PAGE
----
[UPDATE (October 2): As predicted, it appears that the vaccine did not cause this young woman's untimely and tragic death; it was a malignant tumor in her chest that caused the fatality. As I pointed out, if you give enough vaccinations, there are likely to be coincidental deaths shortly thereafter. My condolences to her family on this awful circumstance.]
That headline above is factually accurate. Of course, most people reading it will assume that the vaccination caused the death. But we have no evidence of that yet, so try not to jump to conclusions.
The Daily Mail is reporting that a young woman, aged 14, died shortly after receiving a vaccine shot (they call them "jabs" in the UK) for HPV, to prevent cervical cancer. They are reporting that about an hour after the shot she became pale, stopped breathing, and fainted. Rescuers were not able to save her.
This story, first and foremost, is horrible and tragic. My heart goes out to the parents of the young woman and to all her friends and schoolmates. This is an awful thing, what every parent dreads.
I want to be careful and not rush to judgment, though. First and foremost, we don't know that the vaccination is why she died. The Daily Mail is not exactly the most trusted news source, to start off with. I am taking events reported therein with a large grain of salt.
Second, we don't know why she died at all. Reports of that have not yet been aired.
Third, complications of any kind from vaccinations are incredibly rare. Gardasil, an HPV vaccination (though different than the one the girl in England received), has been given to over 7 million girls, yet there have been only 20 deaths after getting the shot... and for almost all of them there is no obvious relation between the shot and the fatality except for timing. In other words, they were tragic coincidences.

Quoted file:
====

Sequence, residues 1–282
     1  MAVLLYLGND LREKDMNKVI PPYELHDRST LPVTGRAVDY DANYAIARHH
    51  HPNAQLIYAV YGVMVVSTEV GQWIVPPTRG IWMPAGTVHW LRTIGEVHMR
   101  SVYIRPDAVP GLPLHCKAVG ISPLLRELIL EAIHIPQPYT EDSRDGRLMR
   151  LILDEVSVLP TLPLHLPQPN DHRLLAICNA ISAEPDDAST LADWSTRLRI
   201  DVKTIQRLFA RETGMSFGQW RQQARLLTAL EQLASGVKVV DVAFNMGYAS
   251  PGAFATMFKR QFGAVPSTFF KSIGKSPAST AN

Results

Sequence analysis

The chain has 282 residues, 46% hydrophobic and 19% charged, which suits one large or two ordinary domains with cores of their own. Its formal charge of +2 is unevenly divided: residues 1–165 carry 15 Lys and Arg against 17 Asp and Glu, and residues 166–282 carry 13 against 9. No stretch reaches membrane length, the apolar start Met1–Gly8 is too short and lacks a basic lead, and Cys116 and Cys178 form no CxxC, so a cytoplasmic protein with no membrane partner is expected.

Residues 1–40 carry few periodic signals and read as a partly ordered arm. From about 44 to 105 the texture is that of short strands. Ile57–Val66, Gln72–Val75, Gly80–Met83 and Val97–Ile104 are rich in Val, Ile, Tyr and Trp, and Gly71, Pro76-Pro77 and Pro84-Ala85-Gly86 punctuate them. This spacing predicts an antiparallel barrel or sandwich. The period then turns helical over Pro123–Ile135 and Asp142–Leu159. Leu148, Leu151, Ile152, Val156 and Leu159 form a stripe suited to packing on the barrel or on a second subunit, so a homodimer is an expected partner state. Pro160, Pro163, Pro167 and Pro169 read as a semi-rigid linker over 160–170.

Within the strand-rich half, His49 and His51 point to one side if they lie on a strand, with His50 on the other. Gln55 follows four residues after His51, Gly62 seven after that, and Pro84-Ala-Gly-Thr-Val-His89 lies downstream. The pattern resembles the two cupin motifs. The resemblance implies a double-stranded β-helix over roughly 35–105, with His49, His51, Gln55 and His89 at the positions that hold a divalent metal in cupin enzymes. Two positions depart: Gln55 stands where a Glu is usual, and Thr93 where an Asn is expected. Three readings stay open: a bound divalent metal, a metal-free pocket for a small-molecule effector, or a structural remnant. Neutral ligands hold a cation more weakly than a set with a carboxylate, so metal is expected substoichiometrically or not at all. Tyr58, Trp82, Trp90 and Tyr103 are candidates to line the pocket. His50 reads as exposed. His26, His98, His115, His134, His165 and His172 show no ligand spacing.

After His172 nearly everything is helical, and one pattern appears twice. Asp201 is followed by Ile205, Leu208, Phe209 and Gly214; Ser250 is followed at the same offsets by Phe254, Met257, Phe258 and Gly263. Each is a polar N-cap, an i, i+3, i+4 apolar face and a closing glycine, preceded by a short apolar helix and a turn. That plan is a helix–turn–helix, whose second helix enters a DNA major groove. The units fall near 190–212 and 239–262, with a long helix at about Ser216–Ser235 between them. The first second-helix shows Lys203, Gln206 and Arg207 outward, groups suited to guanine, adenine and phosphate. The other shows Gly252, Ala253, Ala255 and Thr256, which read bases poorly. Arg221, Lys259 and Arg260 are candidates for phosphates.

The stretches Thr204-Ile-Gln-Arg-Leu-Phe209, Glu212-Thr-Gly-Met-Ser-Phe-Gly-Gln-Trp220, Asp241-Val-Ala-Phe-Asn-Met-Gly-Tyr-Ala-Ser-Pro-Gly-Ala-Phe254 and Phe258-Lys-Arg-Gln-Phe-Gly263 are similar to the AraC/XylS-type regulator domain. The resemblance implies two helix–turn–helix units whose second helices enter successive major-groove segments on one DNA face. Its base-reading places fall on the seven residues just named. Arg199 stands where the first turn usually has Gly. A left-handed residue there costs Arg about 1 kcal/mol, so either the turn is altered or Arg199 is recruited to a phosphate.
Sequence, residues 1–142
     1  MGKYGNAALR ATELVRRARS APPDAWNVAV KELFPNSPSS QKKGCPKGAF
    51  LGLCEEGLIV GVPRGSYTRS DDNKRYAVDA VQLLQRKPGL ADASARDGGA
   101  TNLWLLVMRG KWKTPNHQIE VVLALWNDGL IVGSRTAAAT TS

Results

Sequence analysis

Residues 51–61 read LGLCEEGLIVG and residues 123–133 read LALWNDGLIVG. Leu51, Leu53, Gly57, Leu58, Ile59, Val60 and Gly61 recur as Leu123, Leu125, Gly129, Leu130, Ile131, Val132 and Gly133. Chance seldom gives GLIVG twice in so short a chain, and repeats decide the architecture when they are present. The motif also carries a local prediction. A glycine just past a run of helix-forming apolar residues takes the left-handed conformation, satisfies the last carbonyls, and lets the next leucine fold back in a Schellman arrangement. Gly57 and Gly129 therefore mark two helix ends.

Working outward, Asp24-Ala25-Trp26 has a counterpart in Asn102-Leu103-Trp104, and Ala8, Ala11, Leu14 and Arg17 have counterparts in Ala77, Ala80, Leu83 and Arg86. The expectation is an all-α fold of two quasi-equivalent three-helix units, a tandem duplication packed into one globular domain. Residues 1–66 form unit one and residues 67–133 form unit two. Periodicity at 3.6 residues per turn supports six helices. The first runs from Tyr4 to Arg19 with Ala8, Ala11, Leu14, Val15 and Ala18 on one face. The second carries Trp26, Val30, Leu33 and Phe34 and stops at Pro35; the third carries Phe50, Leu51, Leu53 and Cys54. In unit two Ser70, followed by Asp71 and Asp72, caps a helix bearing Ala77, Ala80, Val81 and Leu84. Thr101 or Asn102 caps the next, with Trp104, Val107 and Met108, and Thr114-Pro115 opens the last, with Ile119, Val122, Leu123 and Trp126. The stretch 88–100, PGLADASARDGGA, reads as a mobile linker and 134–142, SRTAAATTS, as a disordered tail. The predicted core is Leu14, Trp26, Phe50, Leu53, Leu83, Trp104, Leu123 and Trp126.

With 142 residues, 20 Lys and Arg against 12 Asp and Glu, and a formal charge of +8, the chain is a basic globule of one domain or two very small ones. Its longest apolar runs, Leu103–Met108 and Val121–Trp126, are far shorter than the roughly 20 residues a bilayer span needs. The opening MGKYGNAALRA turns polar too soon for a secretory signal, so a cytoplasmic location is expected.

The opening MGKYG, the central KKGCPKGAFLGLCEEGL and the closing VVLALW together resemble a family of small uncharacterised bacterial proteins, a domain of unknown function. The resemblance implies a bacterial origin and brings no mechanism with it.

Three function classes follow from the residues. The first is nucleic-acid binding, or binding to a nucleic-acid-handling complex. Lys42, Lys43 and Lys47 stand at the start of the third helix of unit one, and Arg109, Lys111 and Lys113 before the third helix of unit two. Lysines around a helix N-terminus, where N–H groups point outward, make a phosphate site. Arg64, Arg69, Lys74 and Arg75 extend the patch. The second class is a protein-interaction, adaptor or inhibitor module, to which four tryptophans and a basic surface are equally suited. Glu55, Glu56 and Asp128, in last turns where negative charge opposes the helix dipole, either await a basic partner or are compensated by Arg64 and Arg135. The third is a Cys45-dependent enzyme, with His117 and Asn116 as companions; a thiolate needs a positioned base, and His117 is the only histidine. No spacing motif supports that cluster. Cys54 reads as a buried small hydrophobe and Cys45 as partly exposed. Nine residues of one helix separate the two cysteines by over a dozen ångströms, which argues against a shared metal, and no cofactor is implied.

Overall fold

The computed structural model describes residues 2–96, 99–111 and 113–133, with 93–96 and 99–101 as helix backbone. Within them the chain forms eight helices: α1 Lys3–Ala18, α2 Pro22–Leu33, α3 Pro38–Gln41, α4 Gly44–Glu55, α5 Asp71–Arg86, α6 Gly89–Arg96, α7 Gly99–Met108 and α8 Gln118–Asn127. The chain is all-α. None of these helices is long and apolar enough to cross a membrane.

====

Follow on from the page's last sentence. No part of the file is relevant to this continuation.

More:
As one person pointed out on Twitter, you could write an article that says "Man dies after reading the Daily Mail", since I'm sure that will happen many times every day.
As skeptics tirelessly point out: correlation does not mean causation. Because an event happens after a previous event, it doesn't mean the first caused the second. Is it possible the vaccination resulted in that girl's death? Yes, it's possible. However, was it responsible? That we don't know, and have to wait.
And if it was responsible, we need to find out why. Did she have a rare condition? Was it a bad batch? Was she terribly scared of shots, and her heightened fear exacerbated a heart condition? The point is, we don't know.
What I do know is that the antivax crowd will go ballistic over this, despite not having enough facts to make a rational conclusion here. But facts are tenuous or malleable things to them, only useful for ignoring or distortion.
In the comments below I expect we'll hear a lot of the usual misinformation about toxins and autism and mercury and fetal tissue, long-debunked worries over vaccines. Let's please remember two things here: one is that we don't know what happened, and the other is that a young girl has died, and we should all be respectful of that.